The Re-Discovery of Cornish Glimmerwort

The Cornish Glimmerwort was thought to have been extinct from the early eighteenth century, but it has just been found alive and well in the Rosventon fogou near St Meriot. Growing in dark places, it is unique in that it emits a dull greenish glow. It was used by early Cornish miners who would keep a handful of it in a pocket in case their lamp failed: not surprisingly, the plant or more correctly, the lichen became very scarce. Its luminescence is believed to be due to its ability to take up phosphorous from naturally-occurring deposits, thus obviating the need for daylight which lichens normally require.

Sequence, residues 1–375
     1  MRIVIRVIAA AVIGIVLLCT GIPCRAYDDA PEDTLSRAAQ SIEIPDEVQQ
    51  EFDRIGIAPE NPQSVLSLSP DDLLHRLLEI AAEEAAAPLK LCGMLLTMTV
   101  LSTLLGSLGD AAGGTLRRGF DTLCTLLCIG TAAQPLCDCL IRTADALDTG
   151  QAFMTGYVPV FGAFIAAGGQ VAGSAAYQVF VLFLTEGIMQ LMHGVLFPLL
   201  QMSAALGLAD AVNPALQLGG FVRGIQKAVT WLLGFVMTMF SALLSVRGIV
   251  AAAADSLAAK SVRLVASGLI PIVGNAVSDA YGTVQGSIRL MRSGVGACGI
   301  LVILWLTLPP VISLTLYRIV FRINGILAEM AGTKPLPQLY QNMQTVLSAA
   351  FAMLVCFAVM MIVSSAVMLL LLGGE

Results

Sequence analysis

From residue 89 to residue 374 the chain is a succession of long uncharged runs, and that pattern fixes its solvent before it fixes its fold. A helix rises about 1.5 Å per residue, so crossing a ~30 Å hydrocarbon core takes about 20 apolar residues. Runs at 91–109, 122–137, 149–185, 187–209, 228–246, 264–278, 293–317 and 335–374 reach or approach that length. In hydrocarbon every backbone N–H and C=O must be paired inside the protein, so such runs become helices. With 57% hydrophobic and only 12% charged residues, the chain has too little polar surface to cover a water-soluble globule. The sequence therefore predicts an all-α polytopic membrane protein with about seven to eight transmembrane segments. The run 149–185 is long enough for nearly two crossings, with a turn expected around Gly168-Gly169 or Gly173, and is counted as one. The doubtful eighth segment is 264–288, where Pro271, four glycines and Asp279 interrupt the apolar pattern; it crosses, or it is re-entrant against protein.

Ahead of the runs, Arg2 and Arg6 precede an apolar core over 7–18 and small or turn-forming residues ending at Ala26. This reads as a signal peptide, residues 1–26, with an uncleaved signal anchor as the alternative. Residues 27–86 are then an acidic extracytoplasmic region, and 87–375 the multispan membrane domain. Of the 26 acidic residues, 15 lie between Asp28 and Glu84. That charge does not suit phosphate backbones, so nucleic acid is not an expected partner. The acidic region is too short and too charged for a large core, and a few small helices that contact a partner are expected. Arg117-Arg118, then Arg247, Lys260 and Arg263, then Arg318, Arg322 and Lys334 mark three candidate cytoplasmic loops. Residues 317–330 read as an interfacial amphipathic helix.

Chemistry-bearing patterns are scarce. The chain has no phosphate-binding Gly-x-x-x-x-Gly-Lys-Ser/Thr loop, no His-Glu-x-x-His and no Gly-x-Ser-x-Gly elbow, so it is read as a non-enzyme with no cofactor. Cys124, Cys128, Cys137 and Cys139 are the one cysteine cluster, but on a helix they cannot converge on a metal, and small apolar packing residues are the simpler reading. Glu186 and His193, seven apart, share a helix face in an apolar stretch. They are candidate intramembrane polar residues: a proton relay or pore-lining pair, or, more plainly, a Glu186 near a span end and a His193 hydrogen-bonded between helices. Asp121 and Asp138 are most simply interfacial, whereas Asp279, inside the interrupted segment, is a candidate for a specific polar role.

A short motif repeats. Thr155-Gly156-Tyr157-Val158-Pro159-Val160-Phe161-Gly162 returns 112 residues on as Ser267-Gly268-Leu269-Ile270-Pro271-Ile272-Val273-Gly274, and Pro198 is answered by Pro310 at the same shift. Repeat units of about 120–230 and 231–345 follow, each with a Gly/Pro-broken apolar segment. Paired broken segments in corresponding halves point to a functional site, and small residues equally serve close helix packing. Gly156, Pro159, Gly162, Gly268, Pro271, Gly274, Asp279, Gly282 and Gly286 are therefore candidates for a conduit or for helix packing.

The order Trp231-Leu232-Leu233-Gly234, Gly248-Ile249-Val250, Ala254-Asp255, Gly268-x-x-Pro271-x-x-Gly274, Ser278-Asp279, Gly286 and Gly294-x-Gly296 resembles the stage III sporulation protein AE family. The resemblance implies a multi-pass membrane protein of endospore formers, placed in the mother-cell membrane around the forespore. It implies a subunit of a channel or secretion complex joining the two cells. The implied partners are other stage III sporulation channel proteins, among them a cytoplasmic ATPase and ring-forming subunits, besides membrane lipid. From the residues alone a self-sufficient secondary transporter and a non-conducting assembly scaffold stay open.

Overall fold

In days gone by it was also used to decorate tables at feast time, and a sprig is to be sent to the Duke and Duchess of Cornwall in time for Easter. This ancient lichen will now be grown on in various secret locations and (click for more...)